Yesterday I came across this line on one of the blogs I read every day: “Stick to what ever you love to do. How ever quaint it may seem. It will take you to where you have to go.

Maybe because I have just finished reading Katherine Boo’s Behind The Beautiful Forevers, the inherent privilege in this statement and the assumed privilege of the audience it is addressed to jumped out at me and made me want to strip it down a bit.

A while ago, a much-read blogger had pointed out how this noble sentiment of letting our kids follow their dreams, now much cited as one of those unarguable tenets of life and good parenting, is actually only possible once you’ve reached a certain economic status. For our helpers, for example, having their children follow their dreams is a luxury they cannot afford. They can and will only encourage dreams that come with some sort of tried and tested guarantee to a better life and hence the popularity of engineering in its heyday. Can we really fault them? Are they bad parents?

The scavengers who people Katherine Boo’s book also dream hard. It’s one thing that most of them they don’t even have the choice of getting a toehold on the road to their dreams. If options are limited to pawing through waste to ensure a half-full stomach (which is the best they can hope for), then that’s what they will do. Nevertheless, some of them do try to stick to what they love. Mirchi, for example, aspires to be one of the waiters in the hotels near the airport. His family backs him and lets him off garbage collection duty. He even gets some sort of start. But, well, life does not take him where he has to go. He lands up collecting garbage with the rest of his family. Or maybe that’s where he had to go.

So one could say, stick to what you love…

…IF doing so won’t result in the financial ruin of your entire family (which, of course, then becomes very subjective and most Indian parents will argue that choosing Arts will indeed result in this very eventuality) or starvation and death.

AND there are no guarantees where life takes you may be where you wanted to go. (But at least you tried? Not sure if this would be of comfort to someone who poured their entire family fortunes into a dream though)

Doesn’t sound so heartwarming now, does it?

And what if what you love is, like Asha, coming up with schemes that defraud other people for one’s own gain? What if your dream is to be slumlord? Would that be fine too?

The funny thing is that I believe in some version of this dictum. It’s just that I’m not naive enough to turn it into an aphorism for all people.

I believe that one should stick to what one is good at, particularly if one is more or less happy doing that as it would come more effortlessly, and one stands a better chance of excelling and hopefully thus making some money out of it. Thus, for example, Abdul in Boo’s book (that sounds really weird right?) sticks to the garbage business, and  drops out of school because he realises he’s not very good at school but he’s good at sorting waste. And he manages to raise the fortunes of his family and give his brother Mirchi the chance to pursue his dreams.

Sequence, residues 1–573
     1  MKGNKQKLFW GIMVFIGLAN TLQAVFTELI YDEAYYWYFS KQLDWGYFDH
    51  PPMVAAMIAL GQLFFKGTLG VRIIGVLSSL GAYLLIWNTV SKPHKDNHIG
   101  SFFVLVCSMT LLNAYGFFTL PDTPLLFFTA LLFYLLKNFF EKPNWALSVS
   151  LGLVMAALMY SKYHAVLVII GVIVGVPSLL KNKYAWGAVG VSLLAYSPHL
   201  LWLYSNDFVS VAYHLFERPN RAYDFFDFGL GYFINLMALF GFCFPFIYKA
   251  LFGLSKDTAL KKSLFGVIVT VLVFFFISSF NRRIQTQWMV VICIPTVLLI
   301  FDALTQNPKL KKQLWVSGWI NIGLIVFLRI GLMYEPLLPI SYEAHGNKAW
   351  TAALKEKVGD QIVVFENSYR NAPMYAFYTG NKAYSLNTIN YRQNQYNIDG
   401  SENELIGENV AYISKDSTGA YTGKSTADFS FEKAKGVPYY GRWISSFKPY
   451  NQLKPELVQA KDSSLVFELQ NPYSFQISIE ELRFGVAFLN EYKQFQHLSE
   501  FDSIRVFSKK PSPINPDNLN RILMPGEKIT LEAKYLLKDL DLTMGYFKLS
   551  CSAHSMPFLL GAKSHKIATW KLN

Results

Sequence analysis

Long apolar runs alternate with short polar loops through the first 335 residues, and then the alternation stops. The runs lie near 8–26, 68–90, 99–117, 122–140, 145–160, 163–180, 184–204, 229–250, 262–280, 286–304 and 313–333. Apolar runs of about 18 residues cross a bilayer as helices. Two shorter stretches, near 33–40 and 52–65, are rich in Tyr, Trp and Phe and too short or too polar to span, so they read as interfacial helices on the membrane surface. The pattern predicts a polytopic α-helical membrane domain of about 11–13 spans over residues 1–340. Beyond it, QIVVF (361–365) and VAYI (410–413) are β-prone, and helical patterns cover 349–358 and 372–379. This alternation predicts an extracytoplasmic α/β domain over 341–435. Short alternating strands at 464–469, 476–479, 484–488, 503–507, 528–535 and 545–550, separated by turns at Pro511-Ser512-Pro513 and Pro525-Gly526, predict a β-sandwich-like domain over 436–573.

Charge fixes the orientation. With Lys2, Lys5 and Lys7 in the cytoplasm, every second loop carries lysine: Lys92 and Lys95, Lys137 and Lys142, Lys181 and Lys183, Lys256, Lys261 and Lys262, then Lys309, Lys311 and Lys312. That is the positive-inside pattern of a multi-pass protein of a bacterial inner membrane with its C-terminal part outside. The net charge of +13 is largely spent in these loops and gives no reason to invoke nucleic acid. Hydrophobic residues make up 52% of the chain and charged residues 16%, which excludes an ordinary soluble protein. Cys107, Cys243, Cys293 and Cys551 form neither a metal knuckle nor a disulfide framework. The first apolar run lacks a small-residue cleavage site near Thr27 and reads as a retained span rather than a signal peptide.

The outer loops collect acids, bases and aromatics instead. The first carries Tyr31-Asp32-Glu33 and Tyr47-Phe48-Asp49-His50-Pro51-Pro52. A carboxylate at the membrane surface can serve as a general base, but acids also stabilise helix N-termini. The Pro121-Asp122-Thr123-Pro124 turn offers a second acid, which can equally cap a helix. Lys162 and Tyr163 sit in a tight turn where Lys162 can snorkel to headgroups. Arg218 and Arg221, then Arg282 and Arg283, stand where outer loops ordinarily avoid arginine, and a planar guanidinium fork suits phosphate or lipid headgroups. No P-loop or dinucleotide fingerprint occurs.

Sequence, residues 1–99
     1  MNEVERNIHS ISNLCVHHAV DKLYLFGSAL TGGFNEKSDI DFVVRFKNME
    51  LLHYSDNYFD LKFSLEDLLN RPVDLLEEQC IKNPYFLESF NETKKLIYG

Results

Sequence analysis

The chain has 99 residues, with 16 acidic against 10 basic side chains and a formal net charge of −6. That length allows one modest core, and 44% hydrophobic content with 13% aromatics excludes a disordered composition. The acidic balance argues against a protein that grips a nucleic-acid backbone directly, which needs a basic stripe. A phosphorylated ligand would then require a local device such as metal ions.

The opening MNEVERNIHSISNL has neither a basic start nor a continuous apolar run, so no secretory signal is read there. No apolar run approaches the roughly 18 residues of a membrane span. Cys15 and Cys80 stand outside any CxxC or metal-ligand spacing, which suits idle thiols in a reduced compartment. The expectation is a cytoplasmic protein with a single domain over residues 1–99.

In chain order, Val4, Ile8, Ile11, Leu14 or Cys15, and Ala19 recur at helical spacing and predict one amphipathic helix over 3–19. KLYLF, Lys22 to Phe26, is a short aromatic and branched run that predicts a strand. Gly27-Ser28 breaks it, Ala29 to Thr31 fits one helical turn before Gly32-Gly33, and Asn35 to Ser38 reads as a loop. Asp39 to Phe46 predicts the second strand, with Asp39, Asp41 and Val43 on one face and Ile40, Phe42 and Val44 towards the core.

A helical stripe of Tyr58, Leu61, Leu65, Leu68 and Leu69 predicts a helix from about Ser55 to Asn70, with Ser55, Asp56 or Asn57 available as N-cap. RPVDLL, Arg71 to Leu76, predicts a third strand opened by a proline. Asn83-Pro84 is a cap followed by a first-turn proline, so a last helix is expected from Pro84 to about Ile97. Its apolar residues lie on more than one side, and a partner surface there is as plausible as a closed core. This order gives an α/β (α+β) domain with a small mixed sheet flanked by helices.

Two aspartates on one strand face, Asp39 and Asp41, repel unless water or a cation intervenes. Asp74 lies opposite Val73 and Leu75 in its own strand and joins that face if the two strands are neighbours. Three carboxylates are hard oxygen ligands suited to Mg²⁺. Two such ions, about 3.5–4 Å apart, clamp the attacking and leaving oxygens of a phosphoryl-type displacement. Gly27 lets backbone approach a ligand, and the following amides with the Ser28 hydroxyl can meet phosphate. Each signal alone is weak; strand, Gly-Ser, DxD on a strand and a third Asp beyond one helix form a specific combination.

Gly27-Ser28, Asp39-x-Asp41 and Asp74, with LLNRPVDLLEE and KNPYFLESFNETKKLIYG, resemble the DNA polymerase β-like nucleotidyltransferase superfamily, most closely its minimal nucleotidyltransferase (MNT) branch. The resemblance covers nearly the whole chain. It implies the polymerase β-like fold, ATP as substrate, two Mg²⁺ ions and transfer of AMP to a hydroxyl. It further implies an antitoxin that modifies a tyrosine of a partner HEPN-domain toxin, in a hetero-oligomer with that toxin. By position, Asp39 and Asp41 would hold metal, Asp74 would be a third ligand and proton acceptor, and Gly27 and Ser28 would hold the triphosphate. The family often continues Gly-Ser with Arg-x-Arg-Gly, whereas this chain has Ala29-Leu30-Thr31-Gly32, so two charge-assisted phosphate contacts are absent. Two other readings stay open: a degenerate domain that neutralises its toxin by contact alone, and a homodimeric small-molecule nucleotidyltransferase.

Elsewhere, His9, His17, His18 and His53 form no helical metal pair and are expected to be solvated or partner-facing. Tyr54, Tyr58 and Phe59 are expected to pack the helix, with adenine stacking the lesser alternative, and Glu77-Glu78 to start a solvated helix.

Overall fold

But what if what one is good at is something that is 90% going to be a dead end. Like aspiring to be a film actor? Or a sportsperson? Given the nature of these fields and the poor odds of making it, even with great talent, is it worth it to even give it a go? Should I tell my children, do it but I will underwrite only XX sum? (Which, of course, presumes that I have XX sum to give in service of their dreams.) If I don’t have any money for them to fall back on, should I encourage them to go it on their own, common sense be damned? I don’t know.

There are some people that eventually make it. There are others that don’t but are happy enough struggling and doing what they enjoy. But I suspect there are many many more in financial dire straits as a result of this unswerving pursuit of their passions. I wish someone would do us a study of the percentage of success stories among those that went for their dreams against the odds in different economic environments instead of presenting us with the odd Olympic example.

All sticky questions. And I think we need to foreground them and engage with them instead of repeating nice-sounding aphorisms because not everyone has the luxury of believing in unicorns.